First you’ve got to find the right kind of person. This person will be eager and hungry to learn—a lump of clay that you can mold into a fantastic team contributor. There are a few ways you can find this person.
When you post the job opening, ask specifically that people with little to no experience apply, but ask that they be “eager to learn.” You want to avoid having people who are more skilled and thus will expect higher pay to apply for the job, wasting both your time and theirs.
Before you begin your search, throw out your preconceived notions about what this type of person will be. Instead, look for the following traits when you interview candidates:
They’re unskilled: This may seem obvious, but resist the temptation to bring in that candidate with a few years of experience. Even if that individual does agree to work for less than he or she normally would because of some temporary desperation for income, they’re more likely to be unsatisfied and quit after a short time on the job.
They’re enthusiastic: This person should be chomping at the bit to start working for you. They can talk endlessly about why they’re attracted to the construction business. They want to start yesterday. They make you sit up a little to match their energy. They’re interested in your company.
They’re loyal: During the interview process, ask them how they’ve learned and grown in organizations in the past. Have they stuck around with organizations for a few years? Have they pursued a degree, or taken on some other type of activity to advance their careers?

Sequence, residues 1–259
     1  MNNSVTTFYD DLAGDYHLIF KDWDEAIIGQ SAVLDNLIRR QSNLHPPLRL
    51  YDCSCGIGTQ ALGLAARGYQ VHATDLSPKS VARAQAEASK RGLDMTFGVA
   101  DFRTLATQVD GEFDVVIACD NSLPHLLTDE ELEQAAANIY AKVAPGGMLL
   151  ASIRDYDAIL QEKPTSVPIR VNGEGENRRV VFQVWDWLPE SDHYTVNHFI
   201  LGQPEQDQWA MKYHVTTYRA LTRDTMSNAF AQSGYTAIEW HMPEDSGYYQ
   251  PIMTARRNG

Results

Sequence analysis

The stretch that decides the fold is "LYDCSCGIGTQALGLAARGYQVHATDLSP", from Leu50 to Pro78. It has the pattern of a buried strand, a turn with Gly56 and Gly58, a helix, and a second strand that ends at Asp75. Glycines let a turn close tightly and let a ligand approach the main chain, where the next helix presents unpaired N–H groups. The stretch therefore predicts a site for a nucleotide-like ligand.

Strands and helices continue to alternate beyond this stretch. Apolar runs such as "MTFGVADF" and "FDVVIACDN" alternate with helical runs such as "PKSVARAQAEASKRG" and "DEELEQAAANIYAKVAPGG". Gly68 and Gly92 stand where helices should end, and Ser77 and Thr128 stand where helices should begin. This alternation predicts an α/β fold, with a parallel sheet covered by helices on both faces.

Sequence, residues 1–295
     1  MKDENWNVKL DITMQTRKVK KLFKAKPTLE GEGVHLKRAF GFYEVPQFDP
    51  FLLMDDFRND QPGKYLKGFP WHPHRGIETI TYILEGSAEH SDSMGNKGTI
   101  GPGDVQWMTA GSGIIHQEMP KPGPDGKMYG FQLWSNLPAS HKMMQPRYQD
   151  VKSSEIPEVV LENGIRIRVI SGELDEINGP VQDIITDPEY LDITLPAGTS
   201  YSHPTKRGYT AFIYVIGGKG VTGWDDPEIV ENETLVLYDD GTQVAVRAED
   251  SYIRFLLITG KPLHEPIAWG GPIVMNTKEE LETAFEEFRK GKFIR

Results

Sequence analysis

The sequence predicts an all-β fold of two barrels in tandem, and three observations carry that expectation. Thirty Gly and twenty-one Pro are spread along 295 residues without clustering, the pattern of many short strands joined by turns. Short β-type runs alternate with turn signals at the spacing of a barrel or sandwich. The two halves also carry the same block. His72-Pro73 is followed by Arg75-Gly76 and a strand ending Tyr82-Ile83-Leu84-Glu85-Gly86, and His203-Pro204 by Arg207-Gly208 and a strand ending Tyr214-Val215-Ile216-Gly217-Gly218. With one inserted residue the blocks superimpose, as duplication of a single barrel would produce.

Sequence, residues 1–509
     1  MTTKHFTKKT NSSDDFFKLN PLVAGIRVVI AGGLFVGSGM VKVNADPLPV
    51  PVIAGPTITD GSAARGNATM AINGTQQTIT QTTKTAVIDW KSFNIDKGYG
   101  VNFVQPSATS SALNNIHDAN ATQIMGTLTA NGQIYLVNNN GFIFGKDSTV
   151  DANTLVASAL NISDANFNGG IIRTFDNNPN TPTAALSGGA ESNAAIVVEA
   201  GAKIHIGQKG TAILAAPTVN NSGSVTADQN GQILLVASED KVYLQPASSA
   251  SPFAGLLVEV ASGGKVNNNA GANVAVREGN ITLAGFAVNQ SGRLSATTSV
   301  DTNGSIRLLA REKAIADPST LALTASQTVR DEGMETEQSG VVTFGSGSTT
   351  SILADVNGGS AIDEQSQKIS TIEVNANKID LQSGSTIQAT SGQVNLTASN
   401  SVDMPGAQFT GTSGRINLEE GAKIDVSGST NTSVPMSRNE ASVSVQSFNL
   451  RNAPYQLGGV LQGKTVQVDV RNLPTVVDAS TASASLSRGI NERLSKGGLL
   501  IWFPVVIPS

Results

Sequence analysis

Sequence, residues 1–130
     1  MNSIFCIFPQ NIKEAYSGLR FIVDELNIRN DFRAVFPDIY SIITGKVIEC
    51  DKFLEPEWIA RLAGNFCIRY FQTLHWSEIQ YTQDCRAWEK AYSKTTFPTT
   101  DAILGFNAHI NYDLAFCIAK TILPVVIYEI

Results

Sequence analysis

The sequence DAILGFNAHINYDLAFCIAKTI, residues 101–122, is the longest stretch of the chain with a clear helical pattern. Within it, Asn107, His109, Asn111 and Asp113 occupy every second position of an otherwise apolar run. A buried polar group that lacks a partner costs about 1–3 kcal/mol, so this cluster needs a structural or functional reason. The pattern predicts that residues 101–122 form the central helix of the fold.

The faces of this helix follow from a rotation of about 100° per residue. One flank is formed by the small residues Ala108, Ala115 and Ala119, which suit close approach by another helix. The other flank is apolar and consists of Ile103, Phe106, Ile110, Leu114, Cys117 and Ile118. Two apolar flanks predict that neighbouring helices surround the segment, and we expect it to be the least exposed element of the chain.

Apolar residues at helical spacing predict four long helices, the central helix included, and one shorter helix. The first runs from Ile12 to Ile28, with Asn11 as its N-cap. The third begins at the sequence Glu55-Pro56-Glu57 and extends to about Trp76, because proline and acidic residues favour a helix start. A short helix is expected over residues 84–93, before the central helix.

They’ve shown initiative in the past: You’ll need a go-getter, so during the interview, toss them the common interview question about problems they’ve encountered in the past and pay attention closely to how they describe solving them. They should be able to talk in detail—and enthusiastically—about obstacles they’ve overcome.
Step 2: Know How to Train Your Unskilled Workers
Now that you’ve got that lump of clay, it’s time to fashion it into the ideal worker. Your goal should be not only to increase your new employee’s skills to an acceptable level, but to create an environment where he or she can grow and become loyal to your company. There are two key parts to this approach:
1. Provide on-the-job training, or sign them up for formal training
On-the-job training is the best way to turn a new, unskilled worker into an indispensable asset. Not only does it provide them with vital new skills, but it also helps them learn how your construction site operates and how you do things, which is something even skilled workers have to learn when joining your operation.